From National Public Radio:
Octavia Butler used to say she remembers exactly when she decided to become a science fiction writer. She was 9 years old and saw a 1954 B-movie called Devil Girl from Mars, and two things struck her. First: “Geez, I can write a better story than that!” And second: “Somebody got paid for writing that story!” If they could, she decided, then she could, too.
Eventually she did exactly that. Octavia Estelle Butler became one of the world’s premier science fiction writers, the first black female science fiction writer to reach national prominence, and the only writer in her genre to receive a prestigious MacArthur Fellowship. (“You have a Genius Grant,” Charlie Rose said in a 2000 interview. “They don’t call it that,” she corrected him firmly; “somebody probably made that up.”) When she died in 2006, she was lauded as a pioneer, an icon and one of America’s best writers.
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“Octavia Butler: Telling My Stories” is an exhibit currently at the Huntington Library, in the Pasadena suburb of San Marino, Calif. Curator Natalie Russell went through some “8,000 manuscripts, letters and photographs, and an additional 80 boxes of ephemera” to create an exhibition that shows, in chronological order, how Butler’s career was born and evolved, and what influenced her.
Large glass cases hold early notebooks and drawings, report cards from her days at Pasadena City College and notes to herself about character development. Early copies of her first editions are here. So is the one-page letter from the MacArthur Foundation notifying Butler she’d been chosen as a fellow in 1995.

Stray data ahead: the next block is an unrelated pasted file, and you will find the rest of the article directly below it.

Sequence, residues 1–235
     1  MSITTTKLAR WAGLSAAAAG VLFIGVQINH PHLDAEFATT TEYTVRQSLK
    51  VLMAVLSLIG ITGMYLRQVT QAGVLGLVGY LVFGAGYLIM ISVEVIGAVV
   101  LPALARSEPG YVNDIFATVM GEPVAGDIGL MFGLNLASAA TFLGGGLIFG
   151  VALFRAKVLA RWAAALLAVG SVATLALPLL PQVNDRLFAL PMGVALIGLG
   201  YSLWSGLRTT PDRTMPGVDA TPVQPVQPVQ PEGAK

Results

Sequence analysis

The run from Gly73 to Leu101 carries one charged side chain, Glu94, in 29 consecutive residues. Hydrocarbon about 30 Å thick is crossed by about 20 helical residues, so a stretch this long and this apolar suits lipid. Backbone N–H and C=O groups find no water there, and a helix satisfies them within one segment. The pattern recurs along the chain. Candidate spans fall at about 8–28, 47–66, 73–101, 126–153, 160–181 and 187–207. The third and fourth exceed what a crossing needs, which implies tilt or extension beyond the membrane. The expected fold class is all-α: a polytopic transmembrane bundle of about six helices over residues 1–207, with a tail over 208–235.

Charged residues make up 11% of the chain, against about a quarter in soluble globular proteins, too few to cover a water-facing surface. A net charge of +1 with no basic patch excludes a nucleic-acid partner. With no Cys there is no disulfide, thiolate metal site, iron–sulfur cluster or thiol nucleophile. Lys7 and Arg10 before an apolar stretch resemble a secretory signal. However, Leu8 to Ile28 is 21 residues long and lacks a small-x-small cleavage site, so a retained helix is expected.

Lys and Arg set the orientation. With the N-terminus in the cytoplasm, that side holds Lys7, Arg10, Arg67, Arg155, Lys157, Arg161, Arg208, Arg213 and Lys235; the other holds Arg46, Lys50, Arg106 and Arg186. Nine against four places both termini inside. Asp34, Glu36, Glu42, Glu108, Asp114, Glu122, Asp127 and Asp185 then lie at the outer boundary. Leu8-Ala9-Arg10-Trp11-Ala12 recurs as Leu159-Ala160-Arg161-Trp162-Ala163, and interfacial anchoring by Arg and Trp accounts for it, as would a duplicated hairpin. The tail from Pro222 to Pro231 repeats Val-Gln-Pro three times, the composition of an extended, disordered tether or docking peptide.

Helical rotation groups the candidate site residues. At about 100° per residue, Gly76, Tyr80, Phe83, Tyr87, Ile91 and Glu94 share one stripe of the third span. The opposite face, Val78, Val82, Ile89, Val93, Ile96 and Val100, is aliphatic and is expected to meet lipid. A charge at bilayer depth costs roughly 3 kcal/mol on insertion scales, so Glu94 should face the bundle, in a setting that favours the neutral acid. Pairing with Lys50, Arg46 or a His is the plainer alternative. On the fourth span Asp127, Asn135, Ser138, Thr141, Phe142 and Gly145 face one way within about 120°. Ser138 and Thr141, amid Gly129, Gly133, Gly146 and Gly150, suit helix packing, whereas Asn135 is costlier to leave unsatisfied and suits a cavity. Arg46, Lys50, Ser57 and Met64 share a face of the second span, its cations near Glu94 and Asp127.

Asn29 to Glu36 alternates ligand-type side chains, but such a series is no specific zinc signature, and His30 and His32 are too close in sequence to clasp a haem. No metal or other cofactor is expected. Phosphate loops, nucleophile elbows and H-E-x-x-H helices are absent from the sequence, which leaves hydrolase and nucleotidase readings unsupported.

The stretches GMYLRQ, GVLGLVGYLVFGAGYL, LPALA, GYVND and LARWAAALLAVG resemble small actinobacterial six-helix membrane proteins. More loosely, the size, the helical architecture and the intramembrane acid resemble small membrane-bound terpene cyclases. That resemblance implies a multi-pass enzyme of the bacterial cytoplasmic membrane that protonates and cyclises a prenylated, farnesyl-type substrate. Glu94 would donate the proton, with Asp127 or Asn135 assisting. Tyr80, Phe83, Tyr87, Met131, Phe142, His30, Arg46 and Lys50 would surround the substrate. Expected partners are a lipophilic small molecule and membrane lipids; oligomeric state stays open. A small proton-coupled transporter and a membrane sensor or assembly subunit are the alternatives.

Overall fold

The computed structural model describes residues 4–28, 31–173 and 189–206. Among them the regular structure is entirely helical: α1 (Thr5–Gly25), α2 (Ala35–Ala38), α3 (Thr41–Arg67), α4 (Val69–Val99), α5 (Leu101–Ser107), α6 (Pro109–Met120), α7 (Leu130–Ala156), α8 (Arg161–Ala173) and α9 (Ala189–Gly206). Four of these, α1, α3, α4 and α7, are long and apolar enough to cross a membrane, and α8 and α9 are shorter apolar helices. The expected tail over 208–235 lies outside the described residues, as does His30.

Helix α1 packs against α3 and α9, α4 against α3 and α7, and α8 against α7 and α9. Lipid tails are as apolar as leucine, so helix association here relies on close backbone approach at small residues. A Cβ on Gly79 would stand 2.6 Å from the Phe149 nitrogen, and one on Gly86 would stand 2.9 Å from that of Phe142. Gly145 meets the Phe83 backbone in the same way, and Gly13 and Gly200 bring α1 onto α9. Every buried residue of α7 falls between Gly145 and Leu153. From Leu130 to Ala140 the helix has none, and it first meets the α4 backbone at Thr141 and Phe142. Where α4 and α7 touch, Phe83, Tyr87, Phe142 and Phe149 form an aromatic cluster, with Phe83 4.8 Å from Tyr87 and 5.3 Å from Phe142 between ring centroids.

The walls are hung with blowups of Butler’s childhood drawings and the affirmations she repeated to herself: “I am a best-selling writer, I write best-selling books,” one says. “Every day in every way I am researching and writing my award-winning books and short stories.”
That encouragement was probably essential: Butler faced a lot of challenges. She grew up black and poor in Pasadena, Calif., when legal segregation was dead, but de facto segregation was very much alive. She was also shy, unusually tall for her age, and not particularly social. “I’m an only child,” Butler told Sci Fi Buzz. “I had no idea how to get along with other children. And also, I was a strange kid who learned to stay by herself and make things up.”
She often made them up while sitting on the porch at her grandmother’s chicken farm, in the High Desert town of Victorville, Calif., where she dreamed about animals. The drawings of horses that illustrated one of her early stories are on the walls at the Huntington. After Devil Girl, though, Butler switched to science fiction, determined to make that her career.
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She went to Pasadena public schools, then got an associate’s degree from Pasadena City College. And she kept writing. She had short stories published here and there while she held what she called “lots of horrible little jobs” —warehouse worker, dishwasher, potato chip inspector. (“The one good thing about all those jobs was they left her mind free to think about her characters,” Russell says.) Butler’s first book, Patternmaster, was published in 1976 and caught people’s attention. It became part of The Patternist series; the stories revolved around a group of elite beings with telepathic superpowers.
PG would note that residents of both San Marino and Pasadena would probably dispute that, while the two communities are adjacent to one another that San Marino is a suburb of Pasadena.